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iPhone 5 Gets Gushing Early Reviews

Apple's iPhone 5 receives nothing but glowing early reviews. Everyone who's used it loves the bigger screen and LTE, but dings Apple Maps as inferior to Google's navigation app.

Eric Zeman

September 18, 2012

4 Min Read

iPhone 5's 10 Best Features

iPhone 5's 10 Best Features

iPhone 5's 10 Best Features (click image for larger view and for slideshow)

Walter Mossberg of The Wall Street Journal was first out of the gate with his review of the Apple iPhone 5. Mr. Mossberg typically likes Apple's smartphones, and his opinion of the iPhone 5 is pretty high.

"Unlike many competitors, this isn't a plastic, insubstantial-feeling device," wrote Mossberg. "The iPhone 5 retains Apple's trademark, solid-feeling, metal construction, with an aluminum back this time, instead of a glass back. Like many Apple products, it's gorgeous."

Mossberg lauded the iPhone's new display, which fits more content, and heaped praise on the LTE radio, which scored blistering download speeds. He also pointed out that the device is significantly faster than previous models, takes better pictures (especially in the dark), and still manages to provide impressive battery life.

The biggest detraction for the iPhone 5 isn't the hardware, but Apple's custom-developed mapping program. I have to agree with Mr. Mossberg's assessment. I've been testing Apple Maps in iOS 6 for several weeks, and it simply doesn't offer the same, streamlined experience afforded by Google Maps. It gets the job done, but falls short of the features available to Android and Windows Phones.

In his conclusion, Mossberg forgave Apple's decision to leave out NFC and inductive charging, noting that these technologies are hardly commonplace.

[ The Apple rumor mill seems accurate. See iPad Mini Leak Looks Legit. ]

SlashGear's Vincent Nguyen also heaped praise on the new iPhone.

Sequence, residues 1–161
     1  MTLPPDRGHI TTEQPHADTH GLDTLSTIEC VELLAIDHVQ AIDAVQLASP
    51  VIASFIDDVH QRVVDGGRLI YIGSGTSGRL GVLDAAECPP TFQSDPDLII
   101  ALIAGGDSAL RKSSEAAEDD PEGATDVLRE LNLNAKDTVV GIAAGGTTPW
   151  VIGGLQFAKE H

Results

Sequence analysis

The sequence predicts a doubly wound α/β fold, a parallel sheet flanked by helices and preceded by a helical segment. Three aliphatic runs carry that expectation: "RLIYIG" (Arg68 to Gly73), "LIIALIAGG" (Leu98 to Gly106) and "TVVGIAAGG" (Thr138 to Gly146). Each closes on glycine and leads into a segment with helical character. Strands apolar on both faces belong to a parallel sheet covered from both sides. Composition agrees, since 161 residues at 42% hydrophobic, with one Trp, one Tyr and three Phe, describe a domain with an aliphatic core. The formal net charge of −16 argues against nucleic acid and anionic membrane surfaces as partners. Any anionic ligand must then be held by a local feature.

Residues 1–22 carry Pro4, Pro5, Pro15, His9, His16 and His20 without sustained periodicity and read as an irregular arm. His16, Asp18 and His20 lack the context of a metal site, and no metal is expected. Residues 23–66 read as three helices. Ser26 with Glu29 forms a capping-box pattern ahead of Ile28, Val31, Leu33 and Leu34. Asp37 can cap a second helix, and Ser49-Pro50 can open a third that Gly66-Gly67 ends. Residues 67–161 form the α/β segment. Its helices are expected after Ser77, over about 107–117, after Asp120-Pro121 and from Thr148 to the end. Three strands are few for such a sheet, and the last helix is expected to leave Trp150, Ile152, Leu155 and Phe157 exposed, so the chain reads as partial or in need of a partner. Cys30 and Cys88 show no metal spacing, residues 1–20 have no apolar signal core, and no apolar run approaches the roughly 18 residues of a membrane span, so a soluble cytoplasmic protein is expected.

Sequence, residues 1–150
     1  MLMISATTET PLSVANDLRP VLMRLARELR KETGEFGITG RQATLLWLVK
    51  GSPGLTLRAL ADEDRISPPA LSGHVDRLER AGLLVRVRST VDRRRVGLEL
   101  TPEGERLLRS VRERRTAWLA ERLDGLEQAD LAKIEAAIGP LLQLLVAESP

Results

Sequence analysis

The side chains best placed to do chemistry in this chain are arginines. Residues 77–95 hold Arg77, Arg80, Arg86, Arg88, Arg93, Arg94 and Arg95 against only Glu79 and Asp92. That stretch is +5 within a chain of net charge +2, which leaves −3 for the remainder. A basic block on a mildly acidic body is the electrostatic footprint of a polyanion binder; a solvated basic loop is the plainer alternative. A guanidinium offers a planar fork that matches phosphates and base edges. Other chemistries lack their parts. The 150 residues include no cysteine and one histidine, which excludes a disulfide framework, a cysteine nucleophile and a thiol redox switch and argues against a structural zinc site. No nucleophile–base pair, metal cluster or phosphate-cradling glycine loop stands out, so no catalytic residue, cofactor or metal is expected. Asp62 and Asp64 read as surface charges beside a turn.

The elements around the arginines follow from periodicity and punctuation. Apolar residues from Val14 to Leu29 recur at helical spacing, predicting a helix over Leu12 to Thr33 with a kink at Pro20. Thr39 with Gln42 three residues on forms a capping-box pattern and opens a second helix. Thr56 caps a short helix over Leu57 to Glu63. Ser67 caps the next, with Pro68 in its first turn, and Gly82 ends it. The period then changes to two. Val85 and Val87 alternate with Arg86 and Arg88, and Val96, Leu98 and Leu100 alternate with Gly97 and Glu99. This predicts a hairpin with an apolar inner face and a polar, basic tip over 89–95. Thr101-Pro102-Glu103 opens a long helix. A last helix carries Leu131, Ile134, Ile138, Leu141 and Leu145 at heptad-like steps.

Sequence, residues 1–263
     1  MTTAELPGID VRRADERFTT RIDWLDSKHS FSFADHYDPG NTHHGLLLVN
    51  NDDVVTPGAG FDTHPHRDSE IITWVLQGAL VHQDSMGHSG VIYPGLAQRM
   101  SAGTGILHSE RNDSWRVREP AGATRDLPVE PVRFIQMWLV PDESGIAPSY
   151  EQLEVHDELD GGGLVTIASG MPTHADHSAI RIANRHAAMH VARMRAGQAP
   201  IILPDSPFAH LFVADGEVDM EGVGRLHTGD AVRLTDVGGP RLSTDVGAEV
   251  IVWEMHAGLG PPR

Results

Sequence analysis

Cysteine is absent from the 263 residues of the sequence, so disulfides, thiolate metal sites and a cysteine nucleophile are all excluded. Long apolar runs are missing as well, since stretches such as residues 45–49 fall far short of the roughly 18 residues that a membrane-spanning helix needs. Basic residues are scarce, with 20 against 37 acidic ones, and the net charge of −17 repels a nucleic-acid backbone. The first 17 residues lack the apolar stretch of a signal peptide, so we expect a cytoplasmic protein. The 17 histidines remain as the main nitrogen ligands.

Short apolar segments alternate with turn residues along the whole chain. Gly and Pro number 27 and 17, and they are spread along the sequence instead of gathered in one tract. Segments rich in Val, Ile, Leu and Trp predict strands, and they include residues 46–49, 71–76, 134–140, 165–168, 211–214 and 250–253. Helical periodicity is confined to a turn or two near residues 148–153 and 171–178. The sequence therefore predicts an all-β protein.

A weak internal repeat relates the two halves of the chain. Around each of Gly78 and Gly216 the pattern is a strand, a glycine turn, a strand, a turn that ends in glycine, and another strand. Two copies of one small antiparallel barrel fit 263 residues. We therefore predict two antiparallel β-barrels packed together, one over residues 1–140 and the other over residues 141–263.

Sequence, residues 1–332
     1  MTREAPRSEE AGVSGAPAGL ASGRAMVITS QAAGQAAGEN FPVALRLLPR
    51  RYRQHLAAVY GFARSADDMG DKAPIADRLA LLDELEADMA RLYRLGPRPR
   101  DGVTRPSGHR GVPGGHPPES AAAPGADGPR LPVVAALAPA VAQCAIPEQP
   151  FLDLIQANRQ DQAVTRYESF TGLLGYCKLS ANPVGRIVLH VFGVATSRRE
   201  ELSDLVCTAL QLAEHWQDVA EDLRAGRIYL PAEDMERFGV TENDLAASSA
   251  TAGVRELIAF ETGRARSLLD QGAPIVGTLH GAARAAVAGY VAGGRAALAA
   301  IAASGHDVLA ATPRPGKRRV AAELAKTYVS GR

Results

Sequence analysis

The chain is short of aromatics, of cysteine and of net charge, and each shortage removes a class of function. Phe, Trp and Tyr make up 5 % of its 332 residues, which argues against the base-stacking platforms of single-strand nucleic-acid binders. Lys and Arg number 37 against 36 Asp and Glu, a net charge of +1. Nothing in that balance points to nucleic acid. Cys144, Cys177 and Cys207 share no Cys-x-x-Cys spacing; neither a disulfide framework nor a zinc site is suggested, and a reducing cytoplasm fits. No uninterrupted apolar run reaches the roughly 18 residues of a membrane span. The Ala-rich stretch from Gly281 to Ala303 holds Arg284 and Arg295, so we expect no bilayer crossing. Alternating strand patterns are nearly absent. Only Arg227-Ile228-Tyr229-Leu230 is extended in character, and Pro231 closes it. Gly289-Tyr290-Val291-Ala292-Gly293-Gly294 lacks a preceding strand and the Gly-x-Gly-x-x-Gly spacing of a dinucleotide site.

"Apple has come up with a phone that's thinner and more flexible in how it can be used, without sacrificing the features of the iPhone 4S," wrote Nguyen. "True, it doesn't tick every possible box on the spec sheet, but what it does deliver is a sensible compromise of day-to-day usability in both hardware and form-factor."

Nguyen points out phone calls are noticeably clearer in the earpiece. He was also particularly impressed with how well the iPhone 5's camera can stitch together panoramas. Nguyen believes that the Apple faithful will be extremely pleased with the device, though it may not be enough to bring back those who've defected to Android devices.

The title of TechCrunch's review, penned by admitted Apple freak MG Siegler, is "With iPhone 5, Apple Has Chiseled The Smartphone To Near Perfection." Yeah, MG likes it.

He leads off his review by stating, "I've had the opportunity to play around with the latest iPhone for the past several days. I won't beat around the bush: it's fantastic. Of course, you're probably expecting me to say that. But that doesn't mean I'm wrong. The fact of the matter is, you can either listen to me or lose out. You're going to want this phone."

MG praises pretty much every feature of the iPhone 5. Most importantly, he notes that anyone who's still holding onto an iPhone 4 (not the iPhone 4S) is going to be immensely pleased with the iPhone 5 as an upgrade.

Engadget's Tim Stevens heaped superlatives for the device, too.

"At 112 grams it's 20% lighter than the 4S, a figure that doesn't seem like it would make much of an impact," wrote Stevens. "It does--so much so that it's the lightness, not the bigger display or the thinness, that nearly everybody praises when first getting a chance to hold the iPhone 5 in their own hands."

Stevens didn't care all that much for the Lightning connector, though. Sure, he thought it was easier to slip the plug in and out, but it doesn't boost data transfer speeds at all because it is stuck with USB 2.0. No USB 3.0, nor Thunderbolt.

One theme common to all the reviews? Each says the iPhone 5 is the best iPhone yet.

The iPhone 5 goes on sale Friday, September 21. The 16 GB version costs $199, the 32 GB version costs $299, and the 64 GB version costs $399, all contingent upon a two-year wireless contract. All versions come in black or white.

About the Author(s)

Eric Zeman


Eric is a freelance writer for InformationWeek specializing in mobile technologies.

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